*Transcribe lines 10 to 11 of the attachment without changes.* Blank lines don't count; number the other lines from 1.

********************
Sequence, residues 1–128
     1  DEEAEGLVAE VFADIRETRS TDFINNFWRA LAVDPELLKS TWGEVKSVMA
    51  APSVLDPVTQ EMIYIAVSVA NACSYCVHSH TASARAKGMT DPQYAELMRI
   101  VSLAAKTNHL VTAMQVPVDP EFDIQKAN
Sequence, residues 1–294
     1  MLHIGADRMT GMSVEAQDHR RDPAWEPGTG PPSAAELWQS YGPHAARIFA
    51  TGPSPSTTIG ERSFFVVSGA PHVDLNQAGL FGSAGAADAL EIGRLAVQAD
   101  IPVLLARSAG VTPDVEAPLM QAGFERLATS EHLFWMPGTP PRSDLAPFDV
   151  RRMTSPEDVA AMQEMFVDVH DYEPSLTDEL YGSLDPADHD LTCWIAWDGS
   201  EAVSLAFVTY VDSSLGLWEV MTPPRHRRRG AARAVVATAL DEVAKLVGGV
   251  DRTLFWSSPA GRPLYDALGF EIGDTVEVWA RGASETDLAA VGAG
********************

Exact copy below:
   201  EAVSLAFVTY VDSSLGLWEV MTPPRHRRRG AARAVVATAL DEVAKLVGGV
   251  DRTLFWSSPA GRPLYDALGF EIGDTVEVWA RGASETDLAA VGAG